Of course, a very large percentage of the boats that you see moving on the canals are hire boats. There is a steadily increasing number of hire companies offering boats of widely varying standards. And the people that hire boats have widely ranging levels of experience. Some people hire for several weeks every year, sometimes in the same place, more often in different parts of the country. Some people hire for a weekend, perhaps for some special event – like the lads on the Llangollen celebrating 30th birthdays. There are quite a few day boats – usually short narrow boats that can carry 8 or 10. Watch out for hire boats as often they are driven by people with no experience, and not too much concern about bumps to the boat. It isn’t (all) their fault, we all had to start somewhere!

An alternative to hiring each year, is the boat share. Here a group of people buy a boat between them, sharing the cost of purchase and the costs of maintenance. In return they are guaranteed a number of weeks each year. The boat is usually based in one place, but the group can decide to move periodically to open up access to other cruising areas. There can be 10 or 12 owners sharing, who each get say 3 weeks a year. A rota manages who gets first choice and remaining weeks are available after everyone has had their guaranteed weeks. A member of the group can sell his share when he has had enough. Some companies provide a managed scheme, where they take on the maintenance and repairs, and manage the ownership.

However, I suspect that the majority of boats don’t fall into any of the above categories. These boats are owned by private owners and spend most of their days tied up at a long term mooring on a waterway, or in a marina.

Even so, a number of these boats are lived on. In some parts of the country, the cost of housing is so great that living on a boat is a viable alternative. Certainly, there was a white van man who returned each night to a boat at the marina where we bought our boat. We saw a boat advertised for sale by a student based in London who had been living on his boat. A narrowboat does make a very comfortable and affordable home. It doesn’t have to go anywhere, but with a working engine still has the option.

Many more of these moored boats are kept and maintained ready for occasional excursions ranging from day trips to several weeks. Usually the owners live nearby so they can pop down whenever the fancy takes or the weather looks good. These are the boats that suddenly appear on sunny days and bank holidays. Some of these boats are owned by what our engineer called polishers. Their owners visit at weekends and polish, keeping the boat spick and span, and sometimes they venture out on to the local canals.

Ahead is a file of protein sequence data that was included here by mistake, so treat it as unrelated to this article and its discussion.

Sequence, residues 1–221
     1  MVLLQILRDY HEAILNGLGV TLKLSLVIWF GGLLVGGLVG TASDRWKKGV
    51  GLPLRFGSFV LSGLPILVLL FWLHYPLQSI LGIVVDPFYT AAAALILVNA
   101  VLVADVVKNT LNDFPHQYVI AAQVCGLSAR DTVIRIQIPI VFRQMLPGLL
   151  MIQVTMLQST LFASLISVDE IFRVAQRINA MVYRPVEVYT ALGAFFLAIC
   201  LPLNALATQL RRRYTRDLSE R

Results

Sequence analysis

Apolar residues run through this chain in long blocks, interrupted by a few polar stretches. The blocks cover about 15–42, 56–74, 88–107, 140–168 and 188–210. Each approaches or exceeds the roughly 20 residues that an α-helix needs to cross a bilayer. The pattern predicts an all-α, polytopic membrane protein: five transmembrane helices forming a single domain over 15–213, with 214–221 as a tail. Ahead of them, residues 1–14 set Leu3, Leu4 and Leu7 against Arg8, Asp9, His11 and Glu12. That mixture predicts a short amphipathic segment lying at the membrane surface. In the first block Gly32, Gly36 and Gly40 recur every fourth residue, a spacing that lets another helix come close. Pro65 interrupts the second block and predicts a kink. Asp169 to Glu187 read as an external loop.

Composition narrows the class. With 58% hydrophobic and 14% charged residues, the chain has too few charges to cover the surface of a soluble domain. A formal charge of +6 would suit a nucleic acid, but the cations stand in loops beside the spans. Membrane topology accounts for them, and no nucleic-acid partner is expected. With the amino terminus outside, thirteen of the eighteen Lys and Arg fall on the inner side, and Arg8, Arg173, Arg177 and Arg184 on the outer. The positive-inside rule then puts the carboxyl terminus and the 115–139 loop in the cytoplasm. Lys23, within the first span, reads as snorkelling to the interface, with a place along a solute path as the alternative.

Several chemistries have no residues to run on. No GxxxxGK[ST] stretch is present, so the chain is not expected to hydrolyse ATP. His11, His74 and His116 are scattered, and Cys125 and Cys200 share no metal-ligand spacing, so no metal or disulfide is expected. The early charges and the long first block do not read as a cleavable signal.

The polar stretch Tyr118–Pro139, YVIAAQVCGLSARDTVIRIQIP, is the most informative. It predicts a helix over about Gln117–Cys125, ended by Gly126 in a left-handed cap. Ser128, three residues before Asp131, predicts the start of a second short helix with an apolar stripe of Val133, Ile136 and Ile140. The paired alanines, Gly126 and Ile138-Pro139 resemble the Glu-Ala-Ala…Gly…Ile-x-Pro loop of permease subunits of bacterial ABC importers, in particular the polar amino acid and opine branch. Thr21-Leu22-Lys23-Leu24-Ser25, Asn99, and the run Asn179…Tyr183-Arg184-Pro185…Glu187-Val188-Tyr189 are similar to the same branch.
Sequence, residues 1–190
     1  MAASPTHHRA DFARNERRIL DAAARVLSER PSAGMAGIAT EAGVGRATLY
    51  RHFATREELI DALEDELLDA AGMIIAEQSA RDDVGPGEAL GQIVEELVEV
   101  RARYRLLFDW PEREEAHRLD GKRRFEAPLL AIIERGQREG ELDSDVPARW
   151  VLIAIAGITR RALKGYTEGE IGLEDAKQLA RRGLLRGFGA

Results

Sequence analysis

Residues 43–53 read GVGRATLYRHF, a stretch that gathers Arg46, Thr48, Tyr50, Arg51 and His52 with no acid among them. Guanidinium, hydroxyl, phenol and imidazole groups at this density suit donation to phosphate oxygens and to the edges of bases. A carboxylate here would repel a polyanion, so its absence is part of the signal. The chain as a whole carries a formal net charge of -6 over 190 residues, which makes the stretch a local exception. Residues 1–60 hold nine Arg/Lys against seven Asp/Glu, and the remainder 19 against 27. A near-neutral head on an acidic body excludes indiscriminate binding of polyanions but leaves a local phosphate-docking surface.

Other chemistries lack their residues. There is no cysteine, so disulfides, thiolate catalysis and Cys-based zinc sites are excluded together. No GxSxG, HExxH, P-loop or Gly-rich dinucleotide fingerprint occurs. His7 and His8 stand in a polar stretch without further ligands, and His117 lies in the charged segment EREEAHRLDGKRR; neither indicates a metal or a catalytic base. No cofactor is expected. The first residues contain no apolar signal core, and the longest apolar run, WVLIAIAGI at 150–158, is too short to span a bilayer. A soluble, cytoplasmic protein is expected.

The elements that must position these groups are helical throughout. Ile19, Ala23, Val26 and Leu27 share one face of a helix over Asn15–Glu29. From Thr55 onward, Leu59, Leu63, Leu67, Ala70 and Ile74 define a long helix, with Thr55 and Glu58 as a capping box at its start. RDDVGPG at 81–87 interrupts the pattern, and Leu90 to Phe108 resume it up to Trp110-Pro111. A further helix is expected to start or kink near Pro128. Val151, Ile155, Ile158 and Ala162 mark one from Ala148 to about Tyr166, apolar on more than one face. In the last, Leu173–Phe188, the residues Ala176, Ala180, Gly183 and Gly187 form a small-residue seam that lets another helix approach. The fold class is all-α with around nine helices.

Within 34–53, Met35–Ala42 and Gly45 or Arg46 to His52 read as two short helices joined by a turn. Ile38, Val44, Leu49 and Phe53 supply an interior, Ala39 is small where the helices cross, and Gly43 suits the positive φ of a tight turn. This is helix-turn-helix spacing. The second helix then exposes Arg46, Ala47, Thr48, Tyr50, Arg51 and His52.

Finally, there are the “static caravans”. Rarely moving anywhere these boats are used as a base for a holiday in just the same way that people will use a static caravan at a caravan park. These boats will be moored at marinas with plenty of facilities and access to suitable destinations for day trips and entertainment. The advantage over a static caravan is that it is not so static and when you tire of one location you can always move yourself to another.

I don’t think that I had really appreciated this huge variation in people’s usage when we decided to buy a boat. I guess that I only had one thing in mind – to travel and see as much of Britain’s canal system as I could – but already that is changing. Now I want to see as much of Britain as I can from the canal system, and now that Racundra is our home

we are giving more consideration to living on the boat rather than travelling in the boat. Most of the CC’ers that we have met (and I classify ourselves as CC’ers) allow considerably more time to cruise a canal than I have been doing so that there is more time for exploring the surrounding areas. I’m still not ready to spend weeks on the Montgomery Canal say, but I do wish we had decided to have 13 days on the Lancaster rather than 7.

I haven’t yet met anyone doing what we are doing. We have bought a boat intending to cruise continuously for 6 months and then to sell our boat again. Will we be able to part with her?